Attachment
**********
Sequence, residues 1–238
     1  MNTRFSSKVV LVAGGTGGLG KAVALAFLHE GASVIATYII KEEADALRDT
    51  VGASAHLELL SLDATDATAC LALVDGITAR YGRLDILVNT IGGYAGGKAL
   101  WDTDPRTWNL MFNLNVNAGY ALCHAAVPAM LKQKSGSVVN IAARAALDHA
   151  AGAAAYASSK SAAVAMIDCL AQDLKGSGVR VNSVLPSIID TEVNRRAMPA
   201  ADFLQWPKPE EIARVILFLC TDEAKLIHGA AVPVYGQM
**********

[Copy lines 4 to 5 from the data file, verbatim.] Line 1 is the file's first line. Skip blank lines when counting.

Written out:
   101  WDTDPRTWNL MFNLNVNAGY ALCHAAVPAM LKQKSGSVVN IAARAALDHA
   151  AGAAAYASSK SAAVAMIDCL AQDLKGSGVR VNSVLPSIID TEVNRRAMPA